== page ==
What I find problematic with Baudrillard is that he doesn’t seem to question the “natural” given order of male and female. He assumes that the male is the seducer and the female the one being seduced. Baudrillard says that Cordelia initiates the seduction and Johannes only enters the challenge as defense, only to attack later on. His diary entries are in fact filled with war vocabulary. Johannes therefore remains in a male strategy that Rousseau has identified with a logic of attack and defense. We will see in a moment that those desires and their techniques of war are deeply embedded in new technologies. But what if we replace the weapons with technologies of desire: the aesthetic, pleasurable play on the level of communication and software design? Not to conquer, dominate, erase and possess, but to give and receive, challenge, play, surprise, learn and make new experiences?

Seduction here is by no means equivalent to manipulation. It is a common misunderstanding that seduction means to make a person do something against her will. It implies a goal other than the circulation of pleasure. Indeed, in a game of seduction that relies on a fixed cast of male heroism and female innocence, there is reason to fear being seduced. Fear of being assimilated and rendered neutral or invisible by the system. Female emancipation was hysterically revolting, women trying to occupy their bodies with their own pleasures, resisting and not playing the game of seduction.[4. Baudrillard, p.8] The calls for equal rights have brought women today to inclusion in the hetero-normative matrix in which men still rule. Male subjectivity has not been shaken by the other.

So first, let us queer Baudrillard’s proposal and radicalize it for a queer practice of confusing the norms and breaking down gendered binaries. We need to link the play of appearances back to the body, to desire and the possibility for emergence and change. I want to introduce role play to engage in a more engaging practice of reversibility. What I feel is missing from what we have learned so far is that male subjectivity has missed out on being seduced, playing the bottom and experiencing a distance from his subjectivity as the ruler of the world for whom only dead objects, at his disposal, exist. I feel that many women should once make the experience of being on top. We can learn here from SM or BDSM practices. These are consensual games in which two people, whatever their gender, take on the roles of either top or bottom. They make the experience of either having power or being deprived of it. Finally to maybe turn domination into caring.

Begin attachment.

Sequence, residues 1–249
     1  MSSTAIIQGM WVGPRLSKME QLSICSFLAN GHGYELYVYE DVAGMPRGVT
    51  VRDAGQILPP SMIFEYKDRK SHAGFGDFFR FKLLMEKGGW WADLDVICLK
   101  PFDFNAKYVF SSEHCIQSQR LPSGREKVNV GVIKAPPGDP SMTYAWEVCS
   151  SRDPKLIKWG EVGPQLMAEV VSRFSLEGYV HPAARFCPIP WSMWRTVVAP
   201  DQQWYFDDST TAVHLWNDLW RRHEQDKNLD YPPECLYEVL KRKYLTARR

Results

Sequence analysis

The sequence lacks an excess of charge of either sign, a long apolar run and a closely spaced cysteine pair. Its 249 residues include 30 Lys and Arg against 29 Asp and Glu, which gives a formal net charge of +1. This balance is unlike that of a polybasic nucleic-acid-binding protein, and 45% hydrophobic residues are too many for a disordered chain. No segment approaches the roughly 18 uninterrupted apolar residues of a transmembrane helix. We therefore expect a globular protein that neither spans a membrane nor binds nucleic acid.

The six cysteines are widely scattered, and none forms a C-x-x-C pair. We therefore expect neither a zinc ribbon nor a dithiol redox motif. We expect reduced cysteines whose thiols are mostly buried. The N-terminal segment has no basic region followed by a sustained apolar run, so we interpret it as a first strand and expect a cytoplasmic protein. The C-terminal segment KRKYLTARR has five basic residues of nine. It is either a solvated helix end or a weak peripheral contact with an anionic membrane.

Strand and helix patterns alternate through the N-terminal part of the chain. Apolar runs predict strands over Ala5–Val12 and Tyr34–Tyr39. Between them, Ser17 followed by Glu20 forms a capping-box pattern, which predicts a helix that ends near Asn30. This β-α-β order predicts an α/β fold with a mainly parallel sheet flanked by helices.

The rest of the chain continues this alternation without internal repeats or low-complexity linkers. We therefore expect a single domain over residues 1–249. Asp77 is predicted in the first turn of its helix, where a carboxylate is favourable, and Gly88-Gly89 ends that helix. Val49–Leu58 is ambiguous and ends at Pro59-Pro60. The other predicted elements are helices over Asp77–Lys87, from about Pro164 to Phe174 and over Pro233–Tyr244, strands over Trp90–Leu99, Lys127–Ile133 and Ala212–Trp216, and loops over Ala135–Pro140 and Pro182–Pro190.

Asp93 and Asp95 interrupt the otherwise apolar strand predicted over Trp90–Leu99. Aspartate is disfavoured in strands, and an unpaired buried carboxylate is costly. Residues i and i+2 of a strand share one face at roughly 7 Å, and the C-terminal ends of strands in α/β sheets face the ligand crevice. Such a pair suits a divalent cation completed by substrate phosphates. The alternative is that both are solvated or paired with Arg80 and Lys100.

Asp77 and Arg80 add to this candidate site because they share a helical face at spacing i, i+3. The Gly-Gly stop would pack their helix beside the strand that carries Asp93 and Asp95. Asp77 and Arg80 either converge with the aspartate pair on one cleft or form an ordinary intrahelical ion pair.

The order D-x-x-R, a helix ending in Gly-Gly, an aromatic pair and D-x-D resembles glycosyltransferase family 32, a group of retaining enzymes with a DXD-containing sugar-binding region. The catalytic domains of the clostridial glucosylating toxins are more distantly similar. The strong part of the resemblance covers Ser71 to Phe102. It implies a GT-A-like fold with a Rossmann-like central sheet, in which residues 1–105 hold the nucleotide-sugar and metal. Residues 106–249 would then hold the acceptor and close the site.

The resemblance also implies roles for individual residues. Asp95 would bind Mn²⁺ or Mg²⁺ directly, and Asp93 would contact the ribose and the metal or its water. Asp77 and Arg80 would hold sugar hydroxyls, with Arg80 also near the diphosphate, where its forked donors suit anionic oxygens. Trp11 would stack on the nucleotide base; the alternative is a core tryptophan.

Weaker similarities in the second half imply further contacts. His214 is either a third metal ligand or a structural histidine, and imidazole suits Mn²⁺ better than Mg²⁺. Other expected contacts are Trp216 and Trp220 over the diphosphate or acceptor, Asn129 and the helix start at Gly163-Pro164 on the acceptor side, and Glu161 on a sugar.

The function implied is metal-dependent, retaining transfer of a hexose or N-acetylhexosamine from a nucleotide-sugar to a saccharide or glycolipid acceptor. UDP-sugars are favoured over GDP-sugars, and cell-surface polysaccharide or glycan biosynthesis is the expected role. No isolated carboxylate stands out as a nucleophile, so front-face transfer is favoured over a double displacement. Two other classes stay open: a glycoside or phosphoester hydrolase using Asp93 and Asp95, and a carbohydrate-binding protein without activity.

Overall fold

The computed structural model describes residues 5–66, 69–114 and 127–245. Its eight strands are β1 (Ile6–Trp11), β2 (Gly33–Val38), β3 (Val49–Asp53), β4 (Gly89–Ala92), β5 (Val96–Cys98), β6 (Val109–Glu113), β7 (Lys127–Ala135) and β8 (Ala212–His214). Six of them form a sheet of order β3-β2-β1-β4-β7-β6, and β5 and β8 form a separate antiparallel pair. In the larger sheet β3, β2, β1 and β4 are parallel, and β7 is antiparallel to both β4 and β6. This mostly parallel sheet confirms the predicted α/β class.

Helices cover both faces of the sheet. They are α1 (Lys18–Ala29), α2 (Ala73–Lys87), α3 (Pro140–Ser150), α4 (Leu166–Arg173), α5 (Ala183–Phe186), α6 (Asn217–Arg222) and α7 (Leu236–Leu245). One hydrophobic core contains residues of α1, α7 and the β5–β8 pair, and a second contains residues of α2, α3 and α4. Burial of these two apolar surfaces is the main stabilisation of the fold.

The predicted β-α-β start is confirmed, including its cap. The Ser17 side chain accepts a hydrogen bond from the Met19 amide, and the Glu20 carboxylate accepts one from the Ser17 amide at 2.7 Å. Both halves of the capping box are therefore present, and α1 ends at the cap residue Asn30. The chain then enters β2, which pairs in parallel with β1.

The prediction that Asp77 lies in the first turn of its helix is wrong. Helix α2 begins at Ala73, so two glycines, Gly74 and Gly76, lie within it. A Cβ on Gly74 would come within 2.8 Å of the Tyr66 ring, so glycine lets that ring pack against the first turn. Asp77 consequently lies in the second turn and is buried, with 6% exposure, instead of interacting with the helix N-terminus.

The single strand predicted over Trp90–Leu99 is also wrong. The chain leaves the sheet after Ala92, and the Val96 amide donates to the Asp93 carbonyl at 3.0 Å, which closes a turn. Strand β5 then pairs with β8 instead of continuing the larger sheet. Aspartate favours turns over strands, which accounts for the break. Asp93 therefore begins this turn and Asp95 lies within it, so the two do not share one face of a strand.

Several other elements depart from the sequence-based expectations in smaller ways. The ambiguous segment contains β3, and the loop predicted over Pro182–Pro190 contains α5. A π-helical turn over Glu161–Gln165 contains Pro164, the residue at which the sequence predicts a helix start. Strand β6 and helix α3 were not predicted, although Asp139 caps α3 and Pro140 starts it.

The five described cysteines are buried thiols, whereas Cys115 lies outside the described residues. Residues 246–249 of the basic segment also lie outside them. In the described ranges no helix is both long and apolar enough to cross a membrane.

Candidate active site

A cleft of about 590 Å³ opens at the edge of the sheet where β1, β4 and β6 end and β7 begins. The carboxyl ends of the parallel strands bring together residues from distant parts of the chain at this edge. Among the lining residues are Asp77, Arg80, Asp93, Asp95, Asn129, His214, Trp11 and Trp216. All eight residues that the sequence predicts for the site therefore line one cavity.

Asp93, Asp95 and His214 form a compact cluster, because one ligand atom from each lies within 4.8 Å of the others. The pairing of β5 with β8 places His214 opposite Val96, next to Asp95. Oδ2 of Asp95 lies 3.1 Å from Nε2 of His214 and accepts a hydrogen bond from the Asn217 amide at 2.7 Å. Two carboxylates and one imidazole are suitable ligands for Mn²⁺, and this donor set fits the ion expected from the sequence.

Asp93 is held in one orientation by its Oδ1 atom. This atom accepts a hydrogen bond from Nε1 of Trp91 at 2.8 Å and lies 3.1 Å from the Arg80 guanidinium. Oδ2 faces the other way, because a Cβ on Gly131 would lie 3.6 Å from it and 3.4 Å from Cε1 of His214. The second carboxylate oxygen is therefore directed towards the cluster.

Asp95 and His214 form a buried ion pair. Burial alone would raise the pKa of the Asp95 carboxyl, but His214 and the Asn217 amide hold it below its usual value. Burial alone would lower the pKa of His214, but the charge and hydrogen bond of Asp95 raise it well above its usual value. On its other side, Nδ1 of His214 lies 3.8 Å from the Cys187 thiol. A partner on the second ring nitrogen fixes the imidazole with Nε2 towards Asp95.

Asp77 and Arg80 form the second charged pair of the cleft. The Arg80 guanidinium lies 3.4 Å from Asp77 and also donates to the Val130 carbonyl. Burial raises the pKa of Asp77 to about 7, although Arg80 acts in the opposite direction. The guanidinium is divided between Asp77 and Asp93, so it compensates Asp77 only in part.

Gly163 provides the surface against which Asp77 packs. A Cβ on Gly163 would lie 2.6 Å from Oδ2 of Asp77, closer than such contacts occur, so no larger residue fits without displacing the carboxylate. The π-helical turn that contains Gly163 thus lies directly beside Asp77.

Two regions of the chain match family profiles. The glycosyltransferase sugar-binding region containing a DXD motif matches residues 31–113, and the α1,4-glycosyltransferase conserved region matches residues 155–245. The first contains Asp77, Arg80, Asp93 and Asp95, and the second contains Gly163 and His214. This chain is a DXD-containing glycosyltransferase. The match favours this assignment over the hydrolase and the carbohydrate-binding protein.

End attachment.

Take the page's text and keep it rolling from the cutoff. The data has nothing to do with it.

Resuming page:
What if we apply this excessive play of seductive communication to technology? Seduction escapes the logic of supply and demand, the useful exchange. Seduction and sexuality stand for an excessive exchange that is not based on the women as exchange value, as an object to be possessed. Not love as a thing that can be possessed, but something that needs constant seduction, attraction and push back, guaranteeing the freedom of the development of subjectivity, leaving room for potentials unknown, ideas unknown.

“By contrast, for us the social is without seduction. [….] Relative to the dangers of seduction that haunt the universe of games and rituals, our own sociality and the forms of communication and exchange it institutes, appear in direct proportion to their secularization under the sign of the Law, as extremely impoverished, banal and abstract.”[5. ibd. p.5]

That means communication inside the binary mechanistic logic remains reductive, it plays only with the fixed signs. Reductionist feedback loops and circuits in closed digital binary systems only mirror themselves. B:

“The media seduce the masses, the masses seduce themselves.”[6. ibd. p.174]

Baudrillard relates these feedback loops to a culture which is essentially narcissistic:
This is what we mostly see online: “Dude, look what I have done, like me, love me…” We are seduced by the manipulation of the choices. It is so easy to put oneself out there. Everything seems within reach. We bring the world closer to us, but it is a simplified version without otherness.

Dominant desires in new technologies

Desires online also follow a hetero-normative pattern. In fact, male desires have deeply penetrated into software design and digital culture. There are many examples of desires for domination and control and its techniques of attack and defense. To remind you, the Internet was a military invention. But also popular features such as geo-location services like GPS have a military origin. The U.S. Department of Defense maintains the servers. The privatization and commercialization expresses the dominant male desire to grow, possess and win and reach all sorts of climaxes. I believe the most successful branches online are pornography and poker games. Just to give you two examples: